The Seychelles' Supreme Court has sentenced the former Complaints and Communications Manager of the Anti-Corruption Commission to eight years imprisonment and a fine of $5000 (SCR75,000).
Abison De Giorgio, who was in remand since February this year, was found guilty on Friday on three different counts of corruption: extortion, disclosing sensitive information and corruptly soliciting gratification in exchange for delaying an ongoing investigation on former minister Dolor Ernesta.
De Giorgio's lawyer, Alexia Amesbury, said that they have 42 days to appeal the judgment.
Bill Zialor, the lead investigator in the case, told the press after the court's ruling that he is very emotional and the case in general has been very hectic.
"Justice has been served today. The outcome of the case is not only for the police but for the members of the public. It is the first time in the history of Seychelles that we imprison someone on the grounds of corruption."
He also announced that he has resigned from the Central Investigation Department as this case comes to an end.
The chief executive of the Anti-Corruption Commission, May de Silva, said that there are no winners in that case. She said that it is sad that things have ended up like that, but nobody is above the law, even if they work for the commission.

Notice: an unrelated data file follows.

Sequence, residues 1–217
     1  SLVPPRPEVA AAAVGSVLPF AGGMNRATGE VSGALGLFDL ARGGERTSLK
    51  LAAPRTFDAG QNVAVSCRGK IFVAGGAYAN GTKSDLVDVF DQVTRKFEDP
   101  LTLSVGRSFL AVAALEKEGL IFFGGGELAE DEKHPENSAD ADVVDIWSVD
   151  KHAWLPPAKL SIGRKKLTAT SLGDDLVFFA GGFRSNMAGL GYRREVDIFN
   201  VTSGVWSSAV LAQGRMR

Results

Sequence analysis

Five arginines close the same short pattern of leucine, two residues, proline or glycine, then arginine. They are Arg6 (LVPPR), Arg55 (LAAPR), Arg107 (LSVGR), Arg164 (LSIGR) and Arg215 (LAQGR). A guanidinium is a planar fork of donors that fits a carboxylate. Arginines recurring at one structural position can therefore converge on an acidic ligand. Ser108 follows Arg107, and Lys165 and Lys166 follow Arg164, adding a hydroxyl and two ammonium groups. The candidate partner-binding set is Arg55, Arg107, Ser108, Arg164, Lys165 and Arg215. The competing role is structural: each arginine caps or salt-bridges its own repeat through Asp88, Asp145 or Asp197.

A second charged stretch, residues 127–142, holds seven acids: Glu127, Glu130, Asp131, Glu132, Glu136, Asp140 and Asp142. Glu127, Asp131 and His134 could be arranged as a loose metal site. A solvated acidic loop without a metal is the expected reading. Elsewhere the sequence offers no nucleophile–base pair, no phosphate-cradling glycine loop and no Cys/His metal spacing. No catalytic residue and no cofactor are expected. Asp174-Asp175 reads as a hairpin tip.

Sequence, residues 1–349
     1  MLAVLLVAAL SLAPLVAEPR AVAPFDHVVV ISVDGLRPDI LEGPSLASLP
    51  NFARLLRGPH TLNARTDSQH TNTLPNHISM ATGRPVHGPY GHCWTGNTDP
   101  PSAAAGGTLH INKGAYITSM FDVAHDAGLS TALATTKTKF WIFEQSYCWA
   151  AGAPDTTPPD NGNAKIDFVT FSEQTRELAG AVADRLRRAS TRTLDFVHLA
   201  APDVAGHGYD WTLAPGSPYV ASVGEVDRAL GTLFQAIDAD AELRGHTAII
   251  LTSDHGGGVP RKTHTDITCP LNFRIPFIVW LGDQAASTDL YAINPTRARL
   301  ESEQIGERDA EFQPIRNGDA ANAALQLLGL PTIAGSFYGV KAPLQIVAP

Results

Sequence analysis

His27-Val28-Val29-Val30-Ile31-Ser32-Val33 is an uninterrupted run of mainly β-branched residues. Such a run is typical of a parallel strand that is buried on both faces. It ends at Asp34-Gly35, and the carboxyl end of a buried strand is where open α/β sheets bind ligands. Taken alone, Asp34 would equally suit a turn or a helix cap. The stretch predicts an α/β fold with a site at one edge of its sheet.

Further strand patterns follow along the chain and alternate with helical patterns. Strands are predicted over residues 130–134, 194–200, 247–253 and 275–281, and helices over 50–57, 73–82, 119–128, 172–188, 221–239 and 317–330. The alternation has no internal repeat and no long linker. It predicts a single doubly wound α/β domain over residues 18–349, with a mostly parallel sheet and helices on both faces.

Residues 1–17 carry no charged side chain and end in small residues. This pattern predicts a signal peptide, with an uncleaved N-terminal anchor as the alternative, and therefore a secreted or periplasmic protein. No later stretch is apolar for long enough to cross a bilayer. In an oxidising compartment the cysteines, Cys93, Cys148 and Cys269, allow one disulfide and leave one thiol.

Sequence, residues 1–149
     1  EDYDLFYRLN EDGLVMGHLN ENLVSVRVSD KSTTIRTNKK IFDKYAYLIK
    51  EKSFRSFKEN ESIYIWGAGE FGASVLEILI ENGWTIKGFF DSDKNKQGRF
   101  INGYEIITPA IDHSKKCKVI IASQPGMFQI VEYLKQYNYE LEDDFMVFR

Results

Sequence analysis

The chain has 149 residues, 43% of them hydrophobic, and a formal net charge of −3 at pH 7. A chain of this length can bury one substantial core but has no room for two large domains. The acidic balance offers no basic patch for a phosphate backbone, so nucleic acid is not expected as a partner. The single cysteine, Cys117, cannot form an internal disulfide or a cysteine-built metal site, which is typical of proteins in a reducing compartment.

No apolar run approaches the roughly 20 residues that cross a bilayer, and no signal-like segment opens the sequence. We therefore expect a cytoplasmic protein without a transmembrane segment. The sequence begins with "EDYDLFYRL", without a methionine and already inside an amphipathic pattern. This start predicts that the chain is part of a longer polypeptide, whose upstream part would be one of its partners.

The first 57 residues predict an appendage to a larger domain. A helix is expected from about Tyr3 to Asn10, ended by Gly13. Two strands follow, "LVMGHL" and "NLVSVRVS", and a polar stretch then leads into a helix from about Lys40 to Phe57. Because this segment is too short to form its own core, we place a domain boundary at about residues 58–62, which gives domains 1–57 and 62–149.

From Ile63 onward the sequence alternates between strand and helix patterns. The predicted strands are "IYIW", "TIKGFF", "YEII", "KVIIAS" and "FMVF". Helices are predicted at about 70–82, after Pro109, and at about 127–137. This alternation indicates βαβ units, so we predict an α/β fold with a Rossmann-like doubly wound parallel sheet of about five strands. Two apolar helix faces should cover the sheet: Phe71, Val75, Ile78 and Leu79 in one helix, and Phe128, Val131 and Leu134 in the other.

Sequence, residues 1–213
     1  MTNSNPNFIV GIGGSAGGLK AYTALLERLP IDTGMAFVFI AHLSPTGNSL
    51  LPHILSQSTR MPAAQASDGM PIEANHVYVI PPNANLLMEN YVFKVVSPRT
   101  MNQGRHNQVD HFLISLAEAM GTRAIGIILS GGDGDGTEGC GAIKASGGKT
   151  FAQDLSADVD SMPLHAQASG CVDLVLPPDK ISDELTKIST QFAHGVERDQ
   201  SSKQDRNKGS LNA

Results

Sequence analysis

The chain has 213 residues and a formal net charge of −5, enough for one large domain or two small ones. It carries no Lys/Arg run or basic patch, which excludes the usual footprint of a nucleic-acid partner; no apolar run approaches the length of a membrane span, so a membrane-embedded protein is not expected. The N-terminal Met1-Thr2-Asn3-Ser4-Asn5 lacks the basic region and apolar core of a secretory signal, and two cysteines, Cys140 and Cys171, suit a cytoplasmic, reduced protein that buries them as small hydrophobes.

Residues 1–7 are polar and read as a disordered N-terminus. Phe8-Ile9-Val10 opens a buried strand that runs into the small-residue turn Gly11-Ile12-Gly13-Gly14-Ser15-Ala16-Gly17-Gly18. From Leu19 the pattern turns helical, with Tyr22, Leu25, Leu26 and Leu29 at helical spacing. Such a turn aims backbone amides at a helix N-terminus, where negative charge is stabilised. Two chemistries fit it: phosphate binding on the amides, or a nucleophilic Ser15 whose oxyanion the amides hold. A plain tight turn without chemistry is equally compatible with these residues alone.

"I have not yet looked at the full judgment, I will have a full review, then I will be able to comment further," said de Silva.
The Seychelles' Anti-Corruption Commission was set up under the Anti-Corruption Act 2016 and is tasked with receiving complaints, investigating, detecting and preventing corruption practices in the public and private sector.
Despite the outcome of the case, de Silva said that she cannot give any guarantee at this point that anyone else within ACCS is not corrupt, nor whether another internal investigation will ensure.
She added that this case will not damage the reputation of the ACCS nor deter the ongoing investigation of Ernesta.